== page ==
Seed to Seed: The Secret Life of Plants
By Nicholas Harberd
Bloomsbury, 320 pp., illustrated, $24.95
Flowers: How They Changed the World
By William C. Burger
Prometheus, 337 pp., illustrated, $23
Science and art are disparate fields, right? In the newspaper, they live in separate sections. On a college campus, biology labs are held in the science building. Drawing classes are held in the fine arts building, a half-mile away.
And why shouldn't they be? Art is subjective and science is objective, right? Artists are urged to work with passion and ardor. Scientists are urged to work with detachment, aloofness. Put on the white coat, leave your emotions in the locker.
Wrong. I believe these divisions are arbitrary. The perception that science and art are mutually exclusive fields is mostly useless. Fundamentally, artists and scientists are concerned with an identical proposition: trying to describe the world as they see it. Both attempt to understand what it means to be human.
One point to consider: the day-to-day lives of artists and scientists aren't all that different. Eat breakfast, go to work, break the ice that has formed overnight, and start confronting problems. Whether you're writing a novel, making a diagnosis, painting a mural, or examining volcanic rocks, you're working through a series of problems of varying complexity. Like artists, scientists get entranced, have revelations, bog down in the mundanity of repetitive tasks. Like artists, scientists start with an idea and test it, over time, until they believe it is ready to be communicated to others. And, like artists, scientists occasionally get blocked. Research stalls, a barrier impedes progress, and the idea that set you on fire yesterday seems cold and uninspiring today.
Because a wonderful film or groundbreaking theorem tends to conceal the difficulties of its creation behind the elegance of the final product, diaries often offer the clearest windows into an artist's, or scientist's, day-to-day struggles: the initial excitement, the false starts, the swings between elation and frustration.
This month sees the publication of a perfect example: ''Seed to Seed: The Secret Life of Plants," by Nicholas Harberd.
Harberd is an eminent plant geneticist in the United Kingdom. Two years ago, he started to feel his team's course of research had played itself out. He'd spent, he says, ''too long amongst computers, microscopes, and test tubes." He was, for all intents and purposes, blocked.
''If I can work out what the next question is," he writes, ''the path will become clearer." Over the course of 12 months, ''Seed to Seed" charts his day-to-day search for that question.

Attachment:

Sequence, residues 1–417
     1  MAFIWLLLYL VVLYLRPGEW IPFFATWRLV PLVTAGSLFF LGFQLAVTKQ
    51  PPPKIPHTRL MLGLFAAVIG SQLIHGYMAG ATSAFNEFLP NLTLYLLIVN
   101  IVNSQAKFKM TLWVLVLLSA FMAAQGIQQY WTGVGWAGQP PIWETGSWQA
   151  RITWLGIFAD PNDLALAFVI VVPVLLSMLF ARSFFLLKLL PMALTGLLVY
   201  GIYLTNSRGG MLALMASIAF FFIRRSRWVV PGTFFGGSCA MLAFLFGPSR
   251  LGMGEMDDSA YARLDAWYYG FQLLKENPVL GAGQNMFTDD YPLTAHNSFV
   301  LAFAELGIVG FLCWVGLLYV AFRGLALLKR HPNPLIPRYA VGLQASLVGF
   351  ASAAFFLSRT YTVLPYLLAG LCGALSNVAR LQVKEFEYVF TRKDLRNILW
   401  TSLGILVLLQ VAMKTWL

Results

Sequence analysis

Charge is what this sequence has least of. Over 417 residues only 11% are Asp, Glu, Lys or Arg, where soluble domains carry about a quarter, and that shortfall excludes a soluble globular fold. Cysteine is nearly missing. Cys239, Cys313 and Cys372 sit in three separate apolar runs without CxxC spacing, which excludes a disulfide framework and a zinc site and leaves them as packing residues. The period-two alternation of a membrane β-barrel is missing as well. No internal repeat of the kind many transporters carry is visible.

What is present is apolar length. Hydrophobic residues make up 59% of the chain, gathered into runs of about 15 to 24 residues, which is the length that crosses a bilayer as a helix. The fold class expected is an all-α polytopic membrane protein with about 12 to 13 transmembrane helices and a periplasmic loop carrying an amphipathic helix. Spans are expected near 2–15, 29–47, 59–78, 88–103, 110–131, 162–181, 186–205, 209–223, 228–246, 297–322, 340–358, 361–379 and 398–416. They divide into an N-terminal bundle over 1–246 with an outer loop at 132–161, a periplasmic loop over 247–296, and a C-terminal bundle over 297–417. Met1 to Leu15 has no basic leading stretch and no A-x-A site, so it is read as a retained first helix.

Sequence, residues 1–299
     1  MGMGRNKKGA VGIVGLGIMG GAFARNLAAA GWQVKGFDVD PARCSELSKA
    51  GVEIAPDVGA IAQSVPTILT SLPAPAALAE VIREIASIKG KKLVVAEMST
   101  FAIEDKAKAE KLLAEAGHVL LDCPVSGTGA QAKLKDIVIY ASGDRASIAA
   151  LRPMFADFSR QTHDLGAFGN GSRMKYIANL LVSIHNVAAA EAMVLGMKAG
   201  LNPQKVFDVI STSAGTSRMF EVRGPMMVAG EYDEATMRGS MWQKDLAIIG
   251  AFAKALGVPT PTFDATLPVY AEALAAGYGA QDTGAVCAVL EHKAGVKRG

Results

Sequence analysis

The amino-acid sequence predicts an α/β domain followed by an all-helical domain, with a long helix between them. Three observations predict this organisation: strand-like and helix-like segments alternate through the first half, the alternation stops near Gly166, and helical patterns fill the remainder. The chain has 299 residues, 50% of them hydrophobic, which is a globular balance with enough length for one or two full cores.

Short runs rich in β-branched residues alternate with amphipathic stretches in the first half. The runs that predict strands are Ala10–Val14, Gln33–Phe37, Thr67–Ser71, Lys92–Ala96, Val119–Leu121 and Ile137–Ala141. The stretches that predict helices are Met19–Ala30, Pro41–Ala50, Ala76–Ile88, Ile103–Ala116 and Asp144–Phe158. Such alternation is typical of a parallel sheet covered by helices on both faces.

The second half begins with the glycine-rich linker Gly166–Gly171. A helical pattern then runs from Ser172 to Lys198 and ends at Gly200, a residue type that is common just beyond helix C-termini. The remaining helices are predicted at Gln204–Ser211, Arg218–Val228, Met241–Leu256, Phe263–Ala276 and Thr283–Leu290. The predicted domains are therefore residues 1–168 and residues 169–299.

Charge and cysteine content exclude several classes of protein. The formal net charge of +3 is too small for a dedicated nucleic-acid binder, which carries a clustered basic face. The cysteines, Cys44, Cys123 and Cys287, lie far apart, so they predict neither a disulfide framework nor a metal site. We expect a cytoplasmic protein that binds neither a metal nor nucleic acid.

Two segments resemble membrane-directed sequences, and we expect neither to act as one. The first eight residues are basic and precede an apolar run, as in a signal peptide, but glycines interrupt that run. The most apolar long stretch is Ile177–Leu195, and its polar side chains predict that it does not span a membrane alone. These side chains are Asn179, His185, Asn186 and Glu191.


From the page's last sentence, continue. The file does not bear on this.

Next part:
Where does he find it?
In a thale-cress plant. Thale-cress is a velvety, foot-high weed in the mustard family. Like the mouse or fruit fly, it is humble, common, inconspicuous, and a darling of lab scientists.
Harberd had studied thale-cress plants for over a decade. But he'd never bothered to examine even a single specimen growing in the wild. Until now.
A short bike ride from his home, Harberd finds a 4-inch-wide thale-cress growing on top of a grave. He visits it, and its descendants, several times a month for a year. From that little plant, and from Harberd's devoted attention to it, blooms a remarkable book.
''I've been spending my life shaping a vision of hidden molecular events, invisible things that drive life," he writes. His book is notable because he is as comfortable explaining the underpinnings of cell growth as marveling at the tiny, self-contained miracle that is a seed.
You learn, you struggle in tandem with plant and author, you get to a point -- seriously --where watching a hungry slug creep toward the little thale-cress, or discovering that most of it has been devoured overnight by something (rabbit?), floods you with empathy. And, along with Harberd, you find yourself overflowing with wonder at the outrageously complex and resilient organism that is a weed.
Another lovely book about plants is new this month: William C. Burger's ''Flowers: How They Changed the World." This is a carefully written survey of how flowering plants, over millions of years, have determined the world we live in.
''Without the flowering plants," Burger argues, ''primates would not have diversified, long-armed apes would not have swung through the canopies of tropical forests, and herbivore-rich grasslands would not have come into existence."
Both Harberd and Burger excel at demonstrating how evolution has continued to refine the astonishingly complicated architecture of plants, so that you close their books and go out into the springtime and see a richer, more beautiful world.
Right now a vast and highly orchestrated network of information is operating in every plant in your front yard, messages radiating between cells along threads of cytoplasm; the plants are fending off pests and pathogens, perhaps even emitting chemical signals to warn neighbors. Slender rootlets are prowling the soil, sucking up water and nutrients; photoreceptors are monitoring the amount of daylight; water is coursing up through xylem; sugars and nutrients are dribbling down through phloem. Leaves are tossing about, absorbing carbon dioxide, releasing water and oxygen -- the whirling ballet of photosynthesis is taking place just beyond your windows, transforming the energy of the sun into the molecules that feed all plants, all animals, and even you.
Artist or scientist, it's enough to take your breath away.
Anthony Doerr is the author of ''The Shell Collector" and ''About Grace."